- The Washington Times - Friday, November 18, 2005

NEW ORLEANS — Baseball-sized French glass Mardi Gras beads still dangle on live oak trees outside the New Orleans Museum of Art. Somehow, they defied Hur-ricane Katrina’s fury.

The Degas, Monet and Gauguin paintings, the jeweled Faberge eggs and the Ansel Adams photographs are all safe inside. Even though storm winds uprooted 60-foot-tall trees nearby and 8-foot-deep floodwaters surrounded the museum like a lake with an island castle, the art treasures were spared.

The museum wasn’t, however, and its scars are just beginning to show.

The New Orleans Museum of Art has been forced to lay off most of its 86 workers; it must raise millions of dollars to survive the next few years; and it will not reopen for months. That’s just for starters.

“It’s going to take years to get back to where we were,” says Jackie Sullivan, the museum’s deputy director. “The toughest time is definitely now.”

The museum’s plight typifies the dilemma a cultural institution here — especially one dependent on city dollars — faces in the post-Katrina era. New Orleans has no money, no sizable number of tourists and no crystal ball to predict when all will change.

Then there’s the matter of priorities.

In a city where hundreds died, thousands of homes were destroyed, jobs are gone and schools and businesses closed, preserving an art museum doesn’t rank at the top of the must-do list.

Nevertheless, E. John Bullard, the museum’s director, argues that art must be part of the city’s revival.

“Obviously, the people have to have houses to live in,” he says. “They have to have hospitals. They have to have schools. I think museums … are on the same level. You can’t live in a cultural desert. Especially in New Orleans. You just can’t.”

The 94-year-old museum, a neoclassical white stone building set on a circle, is important, too, because it attracts out-of-town visitors — and that means money.

The museum will need $15 million in the next three years and is trying to raise money to make up for losing visitors (about 150,000 a year) and fees from its 10,000 members, many of whom have fled New Orleans.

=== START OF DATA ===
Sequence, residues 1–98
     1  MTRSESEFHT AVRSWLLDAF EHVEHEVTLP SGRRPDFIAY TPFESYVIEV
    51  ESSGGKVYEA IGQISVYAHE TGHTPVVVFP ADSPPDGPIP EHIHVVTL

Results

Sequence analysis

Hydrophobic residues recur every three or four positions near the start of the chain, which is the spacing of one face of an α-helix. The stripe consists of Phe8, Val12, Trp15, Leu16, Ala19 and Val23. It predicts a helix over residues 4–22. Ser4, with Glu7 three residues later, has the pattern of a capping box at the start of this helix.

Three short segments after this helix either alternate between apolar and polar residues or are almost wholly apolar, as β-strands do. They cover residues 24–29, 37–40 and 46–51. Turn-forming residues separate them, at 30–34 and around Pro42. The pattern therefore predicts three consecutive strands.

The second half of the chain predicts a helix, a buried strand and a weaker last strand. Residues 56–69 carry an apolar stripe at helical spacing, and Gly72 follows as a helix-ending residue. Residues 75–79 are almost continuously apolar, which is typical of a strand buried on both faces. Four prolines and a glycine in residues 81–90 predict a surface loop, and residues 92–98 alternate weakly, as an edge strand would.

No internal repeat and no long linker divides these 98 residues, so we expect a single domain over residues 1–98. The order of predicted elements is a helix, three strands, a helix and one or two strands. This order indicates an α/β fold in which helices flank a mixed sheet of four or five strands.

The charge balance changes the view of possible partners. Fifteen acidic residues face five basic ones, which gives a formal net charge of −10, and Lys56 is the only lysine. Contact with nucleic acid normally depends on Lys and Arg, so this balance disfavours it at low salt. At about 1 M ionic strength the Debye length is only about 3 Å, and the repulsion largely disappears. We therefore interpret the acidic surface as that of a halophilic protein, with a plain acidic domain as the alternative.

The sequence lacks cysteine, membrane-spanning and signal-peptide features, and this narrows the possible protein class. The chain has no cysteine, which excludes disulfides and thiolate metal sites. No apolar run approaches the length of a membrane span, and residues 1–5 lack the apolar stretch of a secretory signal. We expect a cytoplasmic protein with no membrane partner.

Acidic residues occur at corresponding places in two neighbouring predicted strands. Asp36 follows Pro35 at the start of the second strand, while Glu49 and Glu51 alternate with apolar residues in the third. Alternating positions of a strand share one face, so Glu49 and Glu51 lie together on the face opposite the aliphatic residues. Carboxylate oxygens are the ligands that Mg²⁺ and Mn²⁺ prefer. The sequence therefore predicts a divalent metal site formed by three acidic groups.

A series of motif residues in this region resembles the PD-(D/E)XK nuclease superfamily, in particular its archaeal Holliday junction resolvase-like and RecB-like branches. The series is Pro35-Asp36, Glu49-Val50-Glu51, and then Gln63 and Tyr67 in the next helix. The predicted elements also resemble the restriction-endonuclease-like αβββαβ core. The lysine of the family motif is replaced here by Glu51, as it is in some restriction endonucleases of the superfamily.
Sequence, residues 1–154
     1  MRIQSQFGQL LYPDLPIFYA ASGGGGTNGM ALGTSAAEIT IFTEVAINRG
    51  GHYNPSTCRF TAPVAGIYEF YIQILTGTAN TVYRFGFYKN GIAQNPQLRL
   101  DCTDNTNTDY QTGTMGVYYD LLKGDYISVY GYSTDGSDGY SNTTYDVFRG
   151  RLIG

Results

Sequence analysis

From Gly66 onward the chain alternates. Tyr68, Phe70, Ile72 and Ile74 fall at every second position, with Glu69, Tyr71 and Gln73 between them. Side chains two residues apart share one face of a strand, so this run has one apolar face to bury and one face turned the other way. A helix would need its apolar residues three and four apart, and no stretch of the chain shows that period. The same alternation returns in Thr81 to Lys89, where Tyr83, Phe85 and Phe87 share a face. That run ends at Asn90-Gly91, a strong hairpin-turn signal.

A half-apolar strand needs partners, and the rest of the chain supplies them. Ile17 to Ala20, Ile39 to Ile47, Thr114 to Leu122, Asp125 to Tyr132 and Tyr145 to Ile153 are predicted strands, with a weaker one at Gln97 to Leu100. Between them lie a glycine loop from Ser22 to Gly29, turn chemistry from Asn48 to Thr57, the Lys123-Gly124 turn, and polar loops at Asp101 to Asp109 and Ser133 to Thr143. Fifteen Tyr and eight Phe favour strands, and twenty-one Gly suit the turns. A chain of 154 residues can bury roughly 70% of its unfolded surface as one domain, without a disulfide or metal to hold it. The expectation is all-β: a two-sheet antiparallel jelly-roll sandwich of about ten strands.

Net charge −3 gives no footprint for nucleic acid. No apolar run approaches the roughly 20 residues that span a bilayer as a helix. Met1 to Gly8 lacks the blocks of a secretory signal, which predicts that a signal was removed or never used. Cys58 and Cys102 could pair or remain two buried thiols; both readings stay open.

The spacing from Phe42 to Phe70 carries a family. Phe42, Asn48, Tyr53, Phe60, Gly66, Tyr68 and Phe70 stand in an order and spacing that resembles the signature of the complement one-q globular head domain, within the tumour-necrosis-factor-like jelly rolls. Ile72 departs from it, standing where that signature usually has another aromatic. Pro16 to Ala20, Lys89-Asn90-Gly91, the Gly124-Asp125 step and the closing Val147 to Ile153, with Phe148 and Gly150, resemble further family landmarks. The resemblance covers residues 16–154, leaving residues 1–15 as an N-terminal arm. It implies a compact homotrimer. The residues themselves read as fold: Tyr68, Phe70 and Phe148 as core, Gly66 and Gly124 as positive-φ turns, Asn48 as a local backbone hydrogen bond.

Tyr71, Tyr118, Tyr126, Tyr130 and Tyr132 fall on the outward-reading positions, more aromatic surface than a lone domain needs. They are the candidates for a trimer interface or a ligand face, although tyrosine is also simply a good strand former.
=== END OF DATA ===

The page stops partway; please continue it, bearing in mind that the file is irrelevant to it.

The museum’s crisis came after the storm. Mayor C. Ray Nagin announced in October that New Orleans was broke and had to lay off as many as 3,000 people, about half the city’s work force. That had a dramatic impact on the museum because 60 percent of the staff are civil servants, including most curators. One of them, Dan Piersol, suddenly found himself out of work after 25 years.

“If there’s anyone expendable, it’s got to be museum people,” says Mr. Piersol, who was curator of prints and drawings. “I feared that, and it came true.”

Mr. Piersol says even as the flooding, looting and chaos that enveloped the city were unfolding in horrifying TV images, he was determined to return. “The more I watched, the more I thought this is not going to work,” he says.

Friends, he says, urged him to look for a new job, and he did even before his layoff notice arrived. He was hired quickly as deputy director at the Mississippi Museum of Art in Jackson.

“It was self-preservation,” he says. “Everyone did or will get to that point.”

Miss Sullivan, the deputy director, says the museum had to pare its staff to 14 workers and that with the doors closed, there’s no need for people such as education curators or a volunteer coordinator.

She’s also aware that there will be permanent losses. “The void is tremendous,” she says. “It’s hard to replace someone who was a curator with 30 years of experience.”